tired dirt into living soil, we can attest to the benefits
of good, long-term soil management.
Forgiveness factor fantastic
This brings us back to the forgiveness factor. Biologically
active soil is easier to work and more resilient when conditions
are less than ideal. The loose, crumbly structure of soil
that has been well managed over a long period of time holds
up better during drought and deluge. For market farmers doing
a lot of work by hand, it’s easier on the old hands
At our previous farm, we had a lot of trouble with erosion
in wet weather and hard crusty soil in dry periods. In prolonged
dry spells, we were simply unable to dig our carrots with
a fork. We wore out our feet and knees, even jumping on the
digging fork, until we finally decided we had to wait to dig
our carrots until it rained. And this was in a silt/loam soil!
The soil also developed a hard, platy crust in dry weather,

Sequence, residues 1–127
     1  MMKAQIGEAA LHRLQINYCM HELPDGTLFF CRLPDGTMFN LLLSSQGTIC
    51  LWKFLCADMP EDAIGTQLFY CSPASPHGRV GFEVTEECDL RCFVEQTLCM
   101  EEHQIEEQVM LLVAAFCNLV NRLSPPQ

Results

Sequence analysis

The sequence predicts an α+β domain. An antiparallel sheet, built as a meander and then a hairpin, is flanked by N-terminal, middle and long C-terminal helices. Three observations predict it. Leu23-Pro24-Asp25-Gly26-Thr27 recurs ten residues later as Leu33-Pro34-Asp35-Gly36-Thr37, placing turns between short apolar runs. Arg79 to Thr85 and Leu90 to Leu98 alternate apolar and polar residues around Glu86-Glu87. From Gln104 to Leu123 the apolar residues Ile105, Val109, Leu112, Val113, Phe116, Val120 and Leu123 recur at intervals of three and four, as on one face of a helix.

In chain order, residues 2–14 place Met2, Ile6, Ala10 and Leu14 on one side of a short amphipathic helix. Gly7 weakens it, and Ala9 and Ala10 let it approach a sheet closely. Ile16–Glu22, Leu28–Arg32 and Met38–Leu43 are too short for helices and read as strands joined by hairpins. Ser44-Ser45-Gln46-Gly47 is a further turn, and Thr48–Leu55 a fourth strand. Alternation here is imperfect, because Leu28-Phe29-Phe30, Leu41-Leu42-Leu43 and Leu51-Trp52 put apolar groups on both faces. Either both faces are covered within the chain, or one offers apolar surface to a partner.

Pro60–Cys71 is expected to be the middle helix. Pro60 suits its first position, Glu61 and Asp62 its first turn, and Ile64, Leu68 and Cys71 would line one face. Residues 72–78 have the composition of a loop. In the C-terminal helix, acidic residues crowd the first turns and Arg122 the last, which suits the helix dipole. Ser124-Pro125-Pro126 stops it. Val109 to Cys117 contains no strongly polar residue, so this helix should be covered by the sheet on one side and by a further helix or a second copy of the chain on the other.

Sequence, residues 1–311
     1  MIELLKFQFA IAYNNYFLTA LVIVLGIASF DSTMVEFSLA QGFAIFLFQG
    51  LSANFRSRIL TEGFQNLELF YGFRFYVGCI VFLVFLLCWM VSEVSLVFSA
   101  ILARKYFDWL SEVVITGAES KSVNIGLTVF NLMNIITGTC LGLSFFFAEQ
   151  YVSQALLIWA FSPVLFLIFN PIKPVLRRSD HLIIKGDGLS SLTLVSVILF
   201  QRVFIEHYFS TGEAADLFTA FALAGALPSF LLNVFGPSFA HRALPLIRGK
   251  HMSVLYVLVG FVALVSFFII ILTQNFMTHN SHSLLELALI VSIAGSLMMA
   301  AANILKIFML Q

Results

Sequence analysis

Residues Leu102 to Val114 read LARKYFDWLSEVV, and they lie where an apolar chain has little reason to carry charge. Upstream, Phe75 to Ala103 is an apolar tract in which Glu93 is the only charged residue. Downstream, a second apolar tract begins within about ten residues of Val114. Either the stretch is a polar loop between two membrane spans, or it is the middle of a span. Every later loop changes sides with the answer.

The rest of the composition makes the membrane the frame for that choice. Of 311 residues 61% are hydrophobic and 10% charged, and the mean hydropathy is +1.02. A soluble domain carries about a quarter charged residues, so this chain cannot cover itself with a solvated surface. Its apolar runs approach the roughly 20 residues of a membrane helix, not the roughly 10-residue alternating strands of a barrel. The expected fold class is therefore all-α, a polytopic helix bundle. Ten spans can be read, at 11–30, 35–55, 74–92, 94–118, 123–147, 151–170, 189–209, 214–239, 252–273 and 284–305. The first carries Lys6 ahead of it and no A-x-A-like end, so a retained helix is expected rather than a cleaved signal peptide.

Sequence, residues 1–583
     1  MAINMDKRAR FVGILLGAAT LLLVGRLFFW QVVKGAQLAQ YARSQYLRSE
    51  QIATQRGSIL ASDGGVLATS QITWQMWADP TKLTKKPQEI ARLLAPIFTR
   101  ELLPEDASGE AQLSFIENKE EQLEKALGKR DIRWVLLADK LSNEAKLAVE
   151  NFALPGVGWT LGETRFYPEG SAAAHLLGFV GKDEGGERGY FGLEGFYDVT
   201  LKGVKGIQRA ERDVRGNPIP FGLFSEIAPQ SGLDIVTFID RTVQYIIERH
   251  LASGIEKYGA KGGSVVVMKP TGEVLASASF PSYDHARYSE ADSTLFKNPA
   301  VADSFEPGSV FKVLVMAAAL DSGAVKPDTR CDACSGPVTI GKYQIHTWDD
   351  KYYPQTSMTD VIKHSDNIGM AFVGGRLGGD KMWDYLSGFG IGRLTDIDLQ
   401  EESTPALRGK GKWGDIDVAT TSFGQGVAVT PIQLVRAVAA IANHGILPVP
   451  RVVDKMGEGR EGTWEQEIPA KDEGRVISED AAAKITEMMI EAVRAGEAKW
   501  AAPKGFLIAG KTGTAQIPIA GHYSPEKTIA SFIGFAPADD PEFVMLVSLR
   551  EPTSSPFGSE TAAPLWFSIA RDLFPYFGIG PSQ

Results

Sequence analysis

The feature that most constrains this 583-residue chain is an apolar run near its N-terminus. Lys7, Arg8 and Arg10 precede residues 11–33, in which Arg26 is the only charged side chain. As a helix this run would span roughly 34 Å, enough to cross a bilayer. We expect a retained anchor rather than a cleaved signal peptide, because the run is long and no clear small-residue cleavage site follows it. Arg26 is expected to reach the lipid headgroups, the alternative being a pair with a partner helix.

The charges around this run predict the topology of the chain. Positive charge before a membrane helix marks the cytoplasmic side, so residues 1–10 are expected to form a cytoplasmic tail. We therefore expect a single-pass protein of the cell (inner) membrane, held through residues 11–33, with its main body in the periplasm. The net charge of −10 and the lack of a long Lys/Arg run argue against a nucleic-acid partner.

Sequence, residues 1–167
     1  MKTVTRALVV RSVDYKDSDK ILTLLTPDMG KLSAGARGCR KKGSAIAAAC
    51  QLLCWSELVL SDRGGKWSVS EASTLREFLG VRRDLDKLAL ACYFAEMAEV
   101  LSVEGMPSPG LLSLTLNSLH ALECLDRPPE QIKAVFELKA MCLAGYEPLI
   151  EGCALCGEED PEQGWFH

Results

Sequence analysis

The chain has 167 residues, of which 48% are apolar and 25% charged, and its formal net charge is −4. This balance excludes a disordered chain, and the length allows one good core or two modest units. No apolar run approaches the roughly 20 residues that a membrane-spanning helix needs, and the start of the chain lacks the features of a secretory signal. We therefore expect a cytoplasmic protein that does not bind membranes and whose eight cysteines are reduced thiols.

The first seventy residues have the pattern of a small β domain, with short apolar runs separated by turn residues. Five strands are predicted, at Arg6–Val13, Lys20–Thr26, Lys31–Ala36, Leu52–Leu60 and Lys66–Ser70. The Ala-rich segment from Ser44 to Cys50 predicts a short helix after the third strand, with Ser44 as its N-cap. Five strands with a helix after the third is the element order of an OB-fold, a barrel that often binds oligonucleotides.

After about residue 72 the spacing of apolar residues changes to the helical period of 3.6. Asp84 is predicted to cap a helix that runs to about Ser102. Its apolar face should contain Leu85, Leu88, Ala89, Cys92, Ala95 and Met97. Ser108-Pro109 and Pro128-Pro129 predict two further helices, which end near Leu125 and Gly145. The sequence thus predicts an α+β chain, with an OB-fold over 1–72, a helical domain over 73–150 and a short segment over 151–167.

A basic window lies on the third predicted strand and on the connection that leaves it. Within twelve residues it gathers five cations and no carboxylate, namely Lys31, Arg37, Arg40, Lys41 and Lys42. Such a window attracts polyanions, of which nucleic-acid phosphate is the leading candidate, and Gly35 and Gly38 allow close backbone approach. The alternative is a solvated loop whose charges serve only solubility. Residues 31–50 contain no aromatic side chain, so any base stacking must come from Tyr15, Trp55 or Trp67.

baked to the consistency of concrete in the summer sun. As
you can imagine, this was a chore to cultivate. The sweeps
and tines on our tractor-mounted cultivators had to be set
very aggressively to penetrate the soil crust, and once they
did they threw clods and soil bricks onto the tender plants
we were trying to clean up. Hand weeding was similarly frustrating.
Not only was it nearly impossible to pull the roots of weeds
out of the tight soil, but the hard crust did a number on
your hands, knees and elbows. Imagine crawling for a couple
of hours on road gravel and you will get the idea.
And then it would rain. In a good downpour our soil would
make a break for the nearest low spot on its way down to the
creek. We would get bad ruts cut by the rushing water-borne
soil and sometimes even lose significant amounts of our crops.
This was definitely not sustainable. As mentioned before,
this was loamy soil with around 3-percent organic matter and
good nutrient composition. The problem was the soil was devoid
of life. It lacked any of the structure or aggregation that